“There was an exercise meant to look like a voting procedure,” Eppinger said. “If you think you can cast a free vote with someone sticking a bullet to your head, then it was a referendum.” She also stated that citizens were only given the option of secession on the ballot: the two choices were ultimately to become part of Russia or to become an independent country.

According to Ellen Carnaghan, a professor of Political Science at SLU, there are multiple reasons for which Putin might disapprove of Ukraine’s current government, including its support for the EU and Western governments and the fact that the Ukrainian revolution came about as a result of popular resistance against a pro-Russian regime.  She cited complaints amongst protestors of corruption, autocratic tendencies and lack of responsiveness to popular needs as criticisms that could also apply to Putin’s own government, giving him further reason to make a strong statement against the revolutionaries.

“The Russian government has shown itself to be very hostile to the idea of political change pushed by popular resistance and has worked hard to ensure that opportunities for popular protest are very constrained in Russia,” Carnaghan said. “Annexing Crimea allowed Putin to send a message about the costs of this kind of political change.”

Carnaghan also noted the strategic value of the Black Sea Fleet and the Russian naval base located in Sevastopol, Crimea. By taking the peninsula, Putin secured access to the fleet in addition to Sevastopol’s base, which allows the Russian navy vital access to the Mediterranean Sea through the Bosporus strait. The naval base has also been cited as an important historical symbol of Russian might by Alexander Konovalov, president of the Institute of Strategic Assessments in Moscow.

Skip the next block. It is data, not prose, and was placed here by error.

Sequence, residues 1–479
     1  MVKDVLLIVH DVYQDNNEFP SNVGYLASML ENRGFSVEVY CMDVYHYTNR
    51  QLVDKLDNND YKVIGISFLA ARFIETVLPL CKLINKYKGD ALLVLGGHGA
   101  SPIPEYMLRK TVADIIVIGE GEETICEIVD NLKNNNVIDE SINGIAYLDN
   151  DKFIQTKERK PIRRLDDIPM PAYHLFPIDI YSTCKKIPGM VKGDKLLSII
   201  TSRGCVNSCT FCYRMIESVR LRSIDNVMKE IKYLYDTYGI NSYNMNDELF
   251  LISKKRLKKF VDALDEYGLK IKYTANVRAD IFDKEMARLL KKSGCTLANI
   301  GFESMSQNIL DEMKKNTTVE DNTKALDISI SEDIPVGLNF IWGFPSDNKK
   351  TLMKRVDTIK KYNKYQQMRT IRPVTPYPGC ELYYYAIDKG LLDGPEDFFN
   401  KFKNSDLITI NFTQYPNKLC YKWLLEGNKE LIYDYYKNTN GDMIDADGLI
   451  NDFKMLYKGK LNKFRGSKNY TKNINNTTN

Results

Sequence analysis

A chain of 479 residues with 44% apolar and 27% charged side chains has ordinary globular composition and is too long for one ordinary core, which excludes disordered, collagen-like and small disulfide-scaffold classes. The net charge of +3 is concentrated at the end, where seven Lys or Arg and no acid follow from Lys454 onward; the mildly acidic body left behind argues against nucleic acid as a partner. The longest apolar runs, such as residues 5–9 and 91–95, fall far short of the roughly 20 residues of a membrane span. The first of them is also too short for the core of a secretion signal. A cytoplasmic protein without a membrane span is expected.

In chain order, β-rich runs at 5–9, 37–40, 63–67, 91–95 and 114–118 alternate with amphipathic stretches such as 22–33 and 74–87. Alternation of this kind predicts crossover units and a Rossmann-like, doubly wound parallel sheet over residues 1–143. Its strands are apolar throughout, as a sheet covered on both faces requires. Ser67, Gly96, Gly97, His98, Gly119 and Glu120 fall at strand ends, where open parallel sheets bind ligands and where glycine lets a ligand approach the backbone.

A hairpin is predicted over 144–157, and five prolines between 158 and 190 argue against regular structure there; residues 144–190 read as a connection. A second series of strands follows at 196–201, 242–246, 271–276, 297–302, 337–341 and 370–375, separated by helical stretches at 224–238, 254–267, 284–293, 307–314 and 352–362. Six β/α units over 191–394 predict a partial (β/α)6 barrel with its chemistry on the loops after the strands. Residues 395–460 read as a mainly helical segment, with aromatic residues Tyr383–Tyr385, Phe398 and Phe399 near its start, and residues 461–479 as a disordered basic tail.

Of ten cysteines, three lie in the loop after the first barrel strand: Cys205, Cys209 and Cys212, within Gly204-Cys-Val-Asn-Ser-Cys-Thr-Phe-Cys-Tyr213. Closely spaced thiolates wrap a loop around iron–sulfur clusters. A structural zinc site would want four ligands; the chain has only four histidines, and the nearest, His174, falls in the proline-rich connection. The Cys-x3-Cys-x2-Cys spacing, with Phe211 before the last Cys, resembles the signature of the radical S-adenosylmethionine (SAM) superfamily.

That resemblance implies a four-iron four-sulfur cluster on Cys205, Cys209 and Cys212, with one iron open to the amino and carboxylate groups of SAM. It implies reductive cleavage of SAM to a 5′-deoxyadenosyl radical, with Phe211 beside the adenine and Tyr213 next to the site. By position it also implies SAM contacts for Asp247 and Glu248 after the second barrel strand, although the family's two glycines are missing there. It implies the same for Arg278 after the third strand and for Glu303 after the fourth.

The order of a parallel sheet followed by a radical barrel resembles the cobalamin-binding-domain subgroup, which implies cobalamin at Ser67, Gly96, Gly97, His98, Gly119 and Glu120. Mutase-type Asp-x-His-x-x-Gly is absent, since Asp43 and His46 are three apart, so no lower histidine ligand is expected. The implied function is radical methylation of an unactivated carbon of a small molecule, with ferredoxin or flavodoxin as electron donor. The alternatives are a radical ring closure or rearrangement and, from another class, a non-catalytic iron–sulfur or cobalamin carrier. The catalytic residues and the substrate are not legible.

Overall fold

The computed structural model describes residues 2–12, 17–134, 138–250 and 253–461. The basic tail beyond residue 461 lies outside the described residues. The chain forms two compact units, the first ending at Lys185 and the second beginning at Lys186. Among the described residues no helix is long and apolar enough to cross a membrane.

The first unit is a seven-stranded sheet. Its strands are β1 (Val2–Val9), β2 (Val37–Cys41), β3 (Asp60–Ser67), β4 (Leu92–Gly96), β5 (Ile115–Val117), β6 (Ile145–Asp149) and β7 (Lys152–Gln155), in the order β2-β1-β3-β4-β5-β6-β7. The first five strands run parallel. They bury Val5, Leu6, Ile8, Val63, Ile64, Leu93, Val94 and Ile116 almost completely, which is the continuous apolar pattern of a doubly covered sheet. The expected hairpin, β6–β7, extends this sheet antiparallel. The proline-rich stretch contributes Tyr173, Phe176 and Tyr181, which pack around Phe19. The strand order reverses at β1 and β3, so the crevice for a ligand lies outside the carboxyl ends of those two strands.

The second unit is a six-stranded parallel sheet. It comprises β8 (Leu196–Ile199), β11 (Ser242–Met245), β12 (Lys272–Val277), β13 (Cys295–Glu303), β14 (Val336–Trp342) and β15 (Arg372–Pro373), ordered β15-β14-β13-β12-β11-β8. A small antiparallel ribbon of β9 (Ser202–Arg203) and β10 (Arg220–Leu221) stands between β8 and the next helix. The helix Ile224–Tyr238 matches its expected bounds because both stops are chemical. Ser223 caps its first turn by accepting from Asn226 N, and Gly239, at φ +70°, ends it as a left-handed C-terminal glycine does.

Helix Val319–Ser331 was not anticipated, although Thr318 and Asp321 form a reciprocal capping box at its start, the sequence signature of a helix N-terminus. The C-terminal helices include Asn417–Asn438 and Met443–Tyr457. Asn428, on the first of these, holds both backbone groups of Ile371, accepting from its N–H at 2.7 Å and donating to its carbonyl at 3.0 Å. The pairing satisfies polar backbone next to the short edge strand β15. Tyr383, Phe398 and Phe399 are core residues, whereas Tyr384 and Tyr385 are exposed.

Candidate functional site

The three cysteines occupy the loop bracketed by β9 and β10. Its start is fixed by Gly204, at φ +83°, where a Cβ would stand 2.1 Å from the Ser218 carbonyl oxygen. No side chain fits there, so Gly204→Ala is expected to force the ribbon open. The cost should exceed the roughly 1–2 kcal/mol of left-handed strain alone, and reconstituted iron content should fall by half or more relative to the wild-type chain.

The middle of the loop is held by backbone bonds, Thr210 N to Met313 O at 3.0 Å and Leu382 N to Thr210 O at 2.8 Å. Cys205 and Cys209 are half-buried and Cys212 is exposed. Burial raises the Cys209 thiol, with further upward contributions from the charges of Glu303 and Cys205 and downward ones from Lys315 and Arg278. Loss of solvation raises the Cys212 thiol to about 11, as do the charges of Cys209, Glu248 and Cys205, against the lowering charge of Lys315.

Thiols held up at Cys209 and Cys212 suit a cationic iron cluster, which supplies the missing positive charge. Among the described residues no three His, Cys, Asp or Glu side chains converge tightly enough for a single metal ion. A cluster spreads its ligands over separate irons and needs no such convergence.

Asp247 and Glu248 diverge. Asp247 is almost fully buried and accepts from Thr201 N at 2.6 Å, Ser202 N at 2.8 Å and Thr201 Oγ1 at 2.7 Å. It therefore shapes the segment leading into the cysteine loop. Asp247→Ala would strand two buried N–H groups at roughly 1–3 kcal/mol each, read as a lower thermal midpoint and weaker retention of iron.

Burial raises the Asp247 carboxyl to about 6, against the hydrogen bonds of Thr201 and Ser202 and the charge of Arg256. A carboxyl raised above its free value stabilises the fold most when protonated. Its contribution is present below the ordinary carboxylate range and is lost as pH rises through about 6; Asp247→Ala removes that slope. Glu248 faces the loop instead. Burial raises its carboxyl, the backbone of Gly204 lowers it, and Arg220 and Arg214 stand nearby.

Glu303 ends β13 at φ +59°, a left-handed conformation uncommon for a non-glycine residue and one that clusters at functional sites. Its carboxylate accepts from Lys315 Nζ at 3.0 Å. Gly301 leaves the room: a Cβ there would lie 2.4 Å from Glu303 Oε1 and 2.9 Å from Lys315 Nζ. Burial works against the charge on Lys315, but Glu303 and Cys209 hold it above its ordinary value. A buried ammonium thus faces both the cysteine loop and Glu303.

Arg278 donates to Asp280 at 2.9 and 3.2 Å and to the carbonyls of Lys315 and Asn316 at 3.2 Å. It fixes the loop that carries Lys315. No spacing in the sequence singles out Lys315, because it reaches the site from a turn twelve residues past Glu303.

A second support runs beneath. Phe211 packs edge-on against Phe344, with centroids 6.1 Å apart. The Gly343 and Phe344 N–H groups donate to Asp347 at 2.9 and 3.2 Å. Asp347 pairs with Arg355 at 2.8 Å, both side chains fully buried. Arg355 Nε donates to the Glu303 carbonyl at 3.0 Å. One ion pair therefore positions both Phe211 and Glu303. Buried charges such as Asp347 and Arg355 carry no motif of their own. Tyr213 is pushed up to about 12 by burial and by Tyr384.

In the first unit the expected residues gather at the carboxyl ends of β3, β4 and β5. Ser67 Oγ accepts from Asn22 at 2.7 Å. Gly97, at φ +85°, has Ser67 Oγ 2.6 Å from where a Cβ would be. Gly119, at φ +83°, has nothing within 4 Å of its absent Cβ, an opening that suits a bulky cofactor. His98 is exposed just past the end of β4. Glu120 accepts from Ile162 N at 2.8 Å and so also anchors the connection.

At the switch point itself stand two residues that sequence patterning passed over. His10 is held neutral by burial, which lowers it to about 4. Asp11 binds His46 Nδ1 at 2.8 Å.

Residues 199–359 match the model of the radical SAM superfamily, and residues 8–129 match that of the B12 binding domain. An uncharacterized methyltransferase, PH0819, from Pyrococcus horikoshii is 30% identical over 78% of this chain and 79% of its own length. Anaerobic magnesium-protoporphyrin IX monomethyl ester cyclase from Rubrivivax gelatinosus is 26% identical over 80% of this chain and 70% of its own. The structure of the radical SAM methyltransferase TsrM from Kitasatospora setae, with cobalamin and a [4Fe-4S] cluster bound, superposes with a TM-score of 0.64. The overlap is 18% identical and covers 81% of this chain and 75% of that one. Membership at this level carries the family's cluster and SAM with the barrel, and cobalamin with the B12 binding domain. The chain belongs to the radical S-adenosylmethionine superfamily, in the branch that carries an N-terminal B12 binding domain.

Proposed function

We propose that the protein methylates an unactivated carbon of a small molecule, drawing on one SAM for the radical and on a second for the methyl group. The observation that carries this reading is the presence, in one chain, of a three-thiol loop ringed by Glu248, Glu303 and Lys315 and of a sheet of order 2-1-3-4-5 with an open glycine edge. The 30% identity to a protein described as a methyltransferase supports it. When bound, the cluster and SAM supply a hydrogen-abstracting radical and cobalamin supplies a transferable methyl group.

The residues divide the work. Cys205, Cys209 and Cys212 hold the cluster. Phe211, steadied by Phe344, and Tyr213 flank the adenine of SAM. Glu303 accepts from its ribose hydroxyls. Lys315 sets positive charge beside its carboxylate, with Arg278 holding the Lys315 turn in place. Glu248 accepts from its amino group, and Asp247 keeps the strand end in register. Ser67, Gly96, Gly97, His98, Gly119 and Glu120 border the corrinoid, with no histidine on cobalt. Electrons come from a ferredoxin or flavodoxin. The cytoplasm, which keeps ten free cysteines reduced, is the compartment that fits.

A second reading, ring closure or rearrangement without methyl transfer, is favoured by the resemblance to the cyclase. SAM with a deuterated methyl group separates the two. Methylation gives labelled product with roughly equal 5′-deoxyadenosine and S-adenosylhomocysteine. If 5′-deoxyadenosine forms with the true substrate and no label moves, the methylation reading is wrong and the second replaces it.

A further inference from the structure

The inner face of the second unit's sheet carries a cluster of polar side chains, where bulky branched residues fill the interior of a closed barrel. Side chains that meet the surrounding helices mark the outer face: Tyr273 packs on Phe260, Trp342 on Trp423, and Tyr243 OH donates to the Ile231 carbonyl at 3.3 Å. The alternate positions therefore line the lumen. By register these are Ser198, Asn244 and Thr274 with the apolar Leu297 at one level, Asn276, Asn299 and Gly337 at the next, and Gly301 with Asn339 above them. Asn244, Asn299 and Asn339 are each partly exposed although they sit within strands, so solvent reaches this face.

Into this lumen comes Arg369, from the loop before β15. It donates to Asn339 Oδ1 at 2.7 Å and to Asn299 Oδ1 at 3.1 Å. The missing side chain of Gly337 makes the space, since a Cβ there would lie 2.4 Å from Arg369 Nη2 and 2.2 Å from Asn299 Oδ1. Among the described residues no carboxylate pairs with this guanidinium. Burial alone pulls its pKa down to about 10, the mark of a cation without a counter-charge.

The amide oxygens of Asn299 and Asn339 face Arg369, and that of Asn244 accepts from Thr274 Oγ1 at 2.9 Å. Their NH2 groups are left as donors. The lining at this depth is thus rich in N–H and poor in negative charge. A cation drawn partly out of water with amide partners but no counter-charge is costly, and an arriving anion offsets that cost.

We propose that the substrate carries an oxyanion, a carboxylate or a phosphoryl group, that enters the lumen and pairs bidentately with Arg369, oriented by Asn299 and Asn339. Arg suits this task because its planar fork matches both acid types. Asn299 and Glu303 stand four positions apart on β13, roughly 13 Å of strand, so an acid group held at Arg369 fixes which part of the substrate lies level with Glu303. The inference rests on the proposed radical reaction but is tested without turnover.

The responses to the Crimean annexation by Russia have been, according to Carnaghan, mostly symbolic. She stated that limited sanctions imposed by the West on Russia, and Russia’s suspension from the G8, a group of eight leading industrialized countries, are unlikely to have a major effect on the global economy.

However, the conflict has had some effect on the Russian stock market, which has already fallen 14% since Russia’s invasion.

According to Ivan Lapuka, an assistant professor of marketing, Russia’s economy relies heavily on the exportation of its natural resources.

He stated that oligarchs, the wealthiest people in Russia, and foreigners with interests in the Russian economy are likely to withdraw from the country due to the Western sanctions. He also pointed to Russia’s reliance on neighbors, specifically Ukraine, in order to fund continued modernization of the country.

“It’s a very murky future. Most likely we will see stagnation in terms of growth in Russia, and we will see some inflation in the currency,” Lapuka said.